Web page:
Bond Traders Ponder Four Fed Hikes in 2018 After Powell’s RemarksBy
Powell says economic outlook has strengthened since December
Treasury yields rise, curve flattens amid more upbeat talk
So much for an uneventful Congressional question-and-answer session with new Federal Reserve Chairman Jerome Powell.
The U.S. Treasuries curve from five to 30 years flattened and two-year yields approached their highest levels since 2008 after Powell answered a question about what it would take to raise rates more aggressively than the three 2018 hikes that the Federal Open Market Committee projected in December.
Powell responded that his outlook for the economy has strengthened since December and the latest data have added to his confidence about inflation quickening. Shorter-dated Treasuries led initial declines as fed funds futures contracts now price in close to three full rate increases this year, up from 2.8 hikes Monday.
Wall Street banks including Goldman Sachs Group Inc. and JPMorgan Chase & Co. are among those calling for four hikes this year. Data released this month showed wage growth accelerated the most since 2009 and the core consumer price index increased the most month-over-month since 2005. Inflation has failed to meet the Fed’s target even as the jobless rate sank, which has moderated expectations for the pace of hikes.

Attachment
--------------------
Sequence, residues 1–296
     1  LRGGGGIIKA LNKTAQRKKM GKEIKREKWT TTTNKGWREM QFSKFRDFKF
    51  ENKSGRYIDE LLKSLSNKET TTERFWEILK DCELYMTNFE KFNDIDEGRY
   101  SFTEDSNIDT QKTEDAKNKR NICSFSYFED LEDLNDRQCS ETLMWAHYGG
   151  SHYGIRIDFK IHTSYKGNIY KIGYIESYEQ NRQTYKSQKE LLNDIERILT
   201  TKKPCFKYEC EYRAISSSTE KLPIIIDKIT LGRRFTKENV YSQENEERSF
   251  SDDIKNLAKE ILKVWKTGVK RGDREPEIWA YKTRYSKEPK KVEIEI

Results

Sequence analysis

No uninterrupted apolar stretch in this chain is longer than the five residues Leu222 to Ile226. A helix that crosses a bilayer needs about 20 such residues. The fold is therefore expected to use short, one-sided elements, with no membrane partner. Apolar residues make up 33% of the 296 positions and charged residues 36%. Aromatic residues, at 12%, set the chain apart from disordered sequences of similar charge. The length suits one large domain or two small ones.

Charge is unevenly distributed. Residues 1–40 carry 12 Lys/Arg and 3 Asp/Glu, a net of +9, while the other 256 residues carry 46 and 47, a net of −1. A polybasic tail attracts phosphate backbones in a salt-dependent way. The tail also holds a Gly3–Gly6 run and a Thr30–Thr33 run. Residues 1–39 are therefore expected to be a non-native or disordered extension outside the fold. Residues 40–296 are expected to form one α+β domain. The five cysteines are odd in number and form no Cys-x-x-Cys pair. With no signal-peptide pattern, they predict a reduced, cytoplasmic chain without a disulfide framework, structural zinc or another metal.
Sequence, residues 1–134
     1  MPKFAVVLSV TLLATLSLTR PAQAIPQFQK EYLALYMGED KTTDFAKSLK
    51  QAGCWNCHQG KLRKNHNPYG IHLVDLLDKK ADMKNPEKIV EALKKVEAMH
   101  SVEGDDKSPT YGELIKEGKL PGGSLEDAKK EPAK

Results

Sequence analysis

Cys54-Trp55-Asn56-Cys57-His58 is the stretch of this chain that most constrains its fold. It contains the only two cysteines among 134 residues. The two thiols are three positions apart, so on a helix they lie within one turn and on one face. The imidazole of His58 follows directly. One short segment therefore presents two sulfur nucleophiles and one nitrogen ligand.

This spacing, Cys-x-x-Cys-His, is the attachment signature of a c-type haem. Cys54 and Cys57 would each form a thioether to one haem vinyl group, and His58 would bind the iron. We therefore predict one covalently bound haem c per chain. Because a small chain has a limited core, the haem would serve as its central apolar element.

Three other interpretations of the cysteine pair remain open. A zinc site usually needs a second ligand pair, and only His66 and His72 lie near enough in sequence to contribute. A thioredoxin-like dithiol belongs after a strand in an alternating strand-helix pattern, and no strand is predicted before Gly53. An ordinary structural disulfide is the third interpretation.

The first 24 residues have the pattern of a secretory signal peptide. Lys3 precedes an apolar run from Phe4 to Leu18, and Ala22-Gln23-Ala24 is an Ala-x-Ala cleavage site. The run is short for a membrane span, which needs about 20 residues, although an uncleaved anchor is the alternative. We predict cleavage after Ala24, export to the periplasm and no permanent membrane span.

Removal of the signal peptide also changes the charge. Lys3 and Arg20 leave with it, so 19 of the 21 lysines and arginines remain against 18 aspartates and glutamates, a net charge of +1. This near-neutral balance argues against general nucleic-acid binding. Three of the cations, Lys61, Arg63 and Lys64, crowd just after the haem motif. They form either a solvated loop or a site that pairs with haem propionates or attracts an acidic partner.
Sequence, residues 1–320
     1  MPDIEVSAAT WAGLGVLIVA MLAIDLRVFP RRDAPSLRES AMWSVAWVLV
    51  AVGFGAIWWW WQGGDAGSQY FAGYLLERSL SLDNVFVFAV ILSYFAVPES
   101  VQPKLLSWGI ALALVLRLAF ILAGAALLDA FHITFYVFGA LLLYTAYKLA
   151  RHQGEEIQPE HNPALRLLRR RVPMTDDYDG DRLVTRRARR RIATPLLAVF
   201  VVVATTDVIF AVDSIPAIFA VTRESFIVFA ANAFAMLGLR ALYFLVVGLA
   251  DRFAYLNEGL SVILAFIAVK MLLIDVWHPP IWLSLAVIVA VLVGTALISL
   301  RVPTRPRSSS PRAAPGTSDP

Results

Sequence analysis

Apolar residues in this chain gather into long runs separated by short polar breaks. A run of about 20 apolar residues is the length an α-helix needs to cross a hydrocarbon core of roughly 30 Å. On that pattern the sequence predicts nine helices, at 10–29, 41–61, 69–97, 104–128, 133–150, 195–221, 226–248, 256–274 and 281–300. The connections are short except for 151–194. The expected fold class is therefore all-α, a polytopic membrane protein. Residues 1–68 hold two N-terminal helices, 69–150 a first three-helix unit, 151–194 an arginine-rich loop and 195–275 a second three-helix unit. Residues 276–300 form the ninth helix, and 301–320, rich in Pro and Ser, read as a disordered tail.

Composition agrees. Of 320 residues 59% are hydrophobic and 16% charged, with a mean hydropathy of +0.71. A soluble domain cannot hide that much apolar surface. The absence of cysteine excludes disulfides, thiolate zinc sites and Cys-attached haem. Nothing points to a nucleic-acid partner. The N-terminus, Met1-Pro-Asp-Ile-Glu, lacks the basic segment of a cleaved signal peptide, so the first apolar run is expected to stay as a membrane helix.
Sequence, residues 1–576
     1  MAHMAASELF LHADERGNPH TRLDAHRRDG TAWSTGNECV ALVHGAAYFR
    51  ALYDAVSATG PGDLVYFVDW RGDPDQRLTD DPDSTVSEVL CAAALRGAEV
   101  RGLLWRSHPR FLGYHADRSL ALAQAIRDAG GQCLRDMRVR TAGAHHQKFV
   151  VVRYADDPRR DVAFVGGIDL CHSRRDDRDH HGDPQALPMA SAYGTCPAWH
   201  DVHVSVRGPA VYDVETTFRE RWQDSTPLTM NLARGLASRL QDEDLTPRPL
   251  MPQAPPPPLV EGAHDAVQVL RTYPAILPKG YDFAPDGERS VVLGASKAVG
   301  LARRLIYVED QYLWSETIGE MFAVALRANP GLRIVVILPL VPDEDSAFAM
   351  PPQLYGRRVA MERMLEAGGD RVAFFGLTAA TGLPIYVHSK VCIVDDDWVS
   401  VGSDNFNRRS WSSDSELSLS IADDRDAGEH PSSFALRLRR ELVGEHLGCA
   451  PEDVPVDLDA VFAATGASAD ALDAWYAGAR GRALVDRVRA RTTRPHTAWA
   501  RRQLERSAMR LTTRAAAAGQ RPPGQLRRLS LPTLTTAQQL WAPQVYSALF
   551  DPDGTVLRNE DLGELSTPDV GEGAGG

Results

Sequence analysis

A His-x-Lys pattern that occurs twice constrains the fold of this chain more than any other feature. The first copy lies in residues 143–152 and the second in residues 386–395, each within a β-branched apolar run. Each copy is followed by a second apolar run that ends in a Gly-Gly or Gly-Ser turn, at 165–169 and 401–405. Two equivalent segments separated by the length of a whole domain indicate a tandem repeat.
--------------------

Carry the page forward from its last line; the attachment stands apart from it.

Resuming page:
“We’ve seen some data that will, in my case, add some confidence to my view that inflation is moving up to target,” Powell said. “Each of us is going to be taking the developments since the December meeting into account, and writing down our new rate paths as we go into the March meeting.”
The benchmark 10-year yield rose six basis points to 2.92 percent as of 1:19 p.m. in New York. The two-year yield jumped above 2.27 percent, just shy of the year-to-date peak of 2.2781 percent set last week.
Front-end flows surged as the Treasury curve bear flattened. Eurodollar spreads steepened, reflecting a more hawkish monetary policy path expected for next year. Those expectations could be moved up even further if other Fed officials join Powell in offering a more upbeat assessment of the U.S. economy.
— With assistance by Vivien Lou Chen, and Edward Bolingbroke